Show your boarding pass again to the staff as you enter the plane and off you go to find your seat.

An airport concourse

Settling In

Put your hand luggage in the overhead bin or under the seat in front of you. Get out all the things you are going to need for your comfort, including your water, lip balm, tissues, book and neck pillow.

Most international flights (at least long-haul flights) will supply you with a small pillow and blanket. Some will also offer a small pack containing various items, such as hand sanitiser, ear plugs and an eye mask.

Get comfortable, fasten your seatbelt, and get ready for takeoff! The flight attendants are there to help, so don’t hesitate to ask if you need anything.

Entertainment and Food on the Plane

Long flights are a breeze and generally have some entertainment. Most planes have screens with movies, shows, and games to keep you busy.

It is worth mentioning though, that some planes do not – particularly if you are flying on a budget airline. Check your documentation if you are not sure what your airline offers.

If entertainment is not included, perhaps download some moves of a tv series to a tablet or your phone. I also like to have a pile of podcasts downloaded, especially if I’m on an overnight flight. I find listening to one helps me to block out the aircraft noise when trying to sleep.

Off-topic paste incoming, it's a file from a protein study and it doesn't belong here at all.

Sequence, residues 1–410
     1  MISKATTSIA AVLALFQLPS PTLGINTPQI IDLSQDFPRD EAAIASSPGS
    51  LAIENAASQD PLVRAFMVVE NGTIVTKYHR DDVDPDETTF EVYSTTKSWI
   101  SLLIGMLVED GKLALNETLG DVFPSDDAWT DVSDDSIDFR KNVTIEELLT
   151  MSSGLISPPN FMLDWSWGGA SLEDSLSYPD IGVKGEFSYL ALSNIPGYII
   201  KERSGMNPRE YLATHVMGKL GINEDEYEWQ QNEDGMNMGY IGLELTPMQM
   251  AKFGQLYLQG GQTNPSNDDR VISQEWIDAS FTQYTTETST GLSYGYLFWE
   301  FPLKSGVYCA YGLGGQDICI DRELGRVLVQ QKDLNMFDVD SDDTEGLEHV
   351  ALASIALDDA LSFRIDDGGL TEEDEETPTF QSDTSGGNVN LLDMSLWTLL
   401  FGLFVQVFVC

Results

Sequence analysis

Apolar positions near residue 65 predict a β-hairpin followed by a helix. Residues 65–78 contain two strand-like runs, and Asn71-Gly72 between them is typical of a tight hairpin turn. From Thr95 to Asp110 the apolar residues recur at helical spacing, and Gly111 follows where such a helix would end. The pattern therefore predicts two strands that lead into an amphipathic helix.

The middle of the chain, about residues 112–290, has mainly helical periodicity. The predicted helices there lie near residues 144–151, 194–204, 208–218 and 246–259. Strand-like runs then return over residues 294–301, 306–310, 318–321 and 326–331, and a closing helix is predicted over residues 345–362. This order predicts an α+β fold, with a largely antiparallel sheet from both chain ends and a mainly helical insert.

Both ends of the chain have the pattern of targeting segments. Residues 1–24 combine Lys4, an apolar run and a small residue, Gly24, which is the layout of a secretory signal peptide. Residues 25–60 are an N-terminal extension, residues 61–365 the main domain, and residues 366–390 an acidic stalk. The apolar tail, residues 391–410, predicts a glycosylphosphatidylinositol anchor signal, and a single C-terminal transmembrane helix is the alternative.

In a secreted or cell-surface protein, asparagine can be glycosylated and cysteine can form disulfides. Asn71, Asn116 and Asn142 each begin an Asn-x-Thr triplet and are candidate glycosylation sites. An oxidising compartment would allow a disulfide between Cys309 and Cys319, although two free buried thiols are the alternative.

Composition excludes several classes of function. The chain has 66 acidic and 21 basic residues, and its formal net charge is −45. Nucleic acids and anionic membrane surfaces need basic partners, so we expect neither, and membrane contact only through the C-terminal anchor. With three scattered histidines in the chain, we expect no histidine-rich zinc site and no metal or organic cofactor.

Of course, you can also take a book or some magazines, or perhaps a puzzle book. I can do hours or Sudoku or a crossword to keep me busy.

Many airlines will have power in the seats so you can recharge your devices, but again, budget airlines may not, so be prepared with a power bank to keep everything going (but make sure it is within the requirements allowed by the airline – search their website).

And don’t worry about food – they’ll serve you some grub to keep you full. You might have to pay for it though if you are on one of those budget airlines. If you’re on a full-service airline, you will end up with more food (and probably alcohol) than you know what to do with.

When the food is not being served, consider getting up and walking around a little. It’s always a good idea to move to help avoid DVT. Other tips include wearing compression socks and drinking more water than you think is necessary.

Some destinations will require you to fill out an Incoming Passenger Card (Australia is one) and these will be handed out by the flight attendants during the flight. Make sure you read them carefully and fill them out truthfully.

Signs in an airport

Welcome to Your New Destination!

Landing time! You’ve arrived at your destination. If this has been a long-haul flight, you are likely to be tired and disorientated.